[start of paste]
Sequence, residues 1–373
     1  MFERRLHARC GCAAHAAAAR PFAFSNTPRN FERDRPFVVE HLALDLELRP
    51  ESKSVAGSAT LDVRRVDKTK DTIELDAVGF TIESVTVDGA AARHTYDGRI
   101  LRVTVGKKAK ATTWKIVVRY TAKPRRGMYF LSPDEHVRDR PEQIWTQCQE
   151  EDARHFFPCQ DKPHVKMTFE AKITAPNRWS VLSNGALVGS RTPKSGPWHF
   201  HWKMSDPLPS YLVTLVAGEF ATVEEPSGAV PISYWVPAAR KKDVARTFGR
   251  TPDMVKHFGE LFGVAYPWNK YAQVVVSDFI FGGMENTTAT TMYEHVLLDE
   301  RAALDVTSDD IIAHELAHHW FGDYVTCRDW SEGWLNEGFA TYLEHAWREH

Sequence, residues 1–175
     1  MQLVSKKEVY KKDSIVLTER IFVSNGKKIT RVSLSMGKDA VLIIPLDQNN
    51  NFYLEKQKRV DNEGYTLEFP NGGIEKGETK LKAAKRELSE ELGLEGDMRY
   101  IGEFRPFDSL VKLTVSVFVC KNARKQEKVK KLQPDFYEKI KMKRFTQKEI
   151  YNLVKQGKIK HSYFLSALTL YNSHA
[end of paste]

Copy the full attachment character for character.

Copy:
Sequence, residues 1–373
     1  MFERRLHARC GCAAHAAAAR PFAFSNTPRN FERDRPFVVE HLALDLELRP
    51  ESKSVAGSAT LDVRRVDKTK DTIELDAVGF TIESVTVDGA AARHTYDGRI
   101  LRVTVGKKAK ATTWKIVVRY TAKPRRGMYF LSPDEHVRDR PEQIWTQCQE
   151  EDARHFFPCQ DKPHVKMTFE AKITAPNRWS VLSNGALVGS RTPKSGPWHF
   201  HWKMSDPLPS YLVTLVAGEF ATVEEPSGAV PISYWVPAAR KKDVARTFGR
   251  TPDMVKHFGE LFGVAYPWNK YAQVVVSDFI FGGMENTTAT TMYEHVLLDE
   301  RAALDVTSDD IIAHELAHHW FGDYVTCRDW SEGWLNEGFA TYLEHAWREH

Sequence, residues 1–175
     1  MQLVSKKEVY KKDSIVLTER IFVSNGKKIT RVSLSMGKDA VLIIPLDQNN
    51  NFYLEKQKRV DNEGYTLEFP NGGIEKGETK LKAAKRELSE ELGLEGDMRY
   101  IGEFRPFDSL VKLTVSVFVC KNARKQEKVK KLQPDFYEKI KMKRFTQKEI
   151  YNLVKQGKIK HSYFLSALTL YNSHA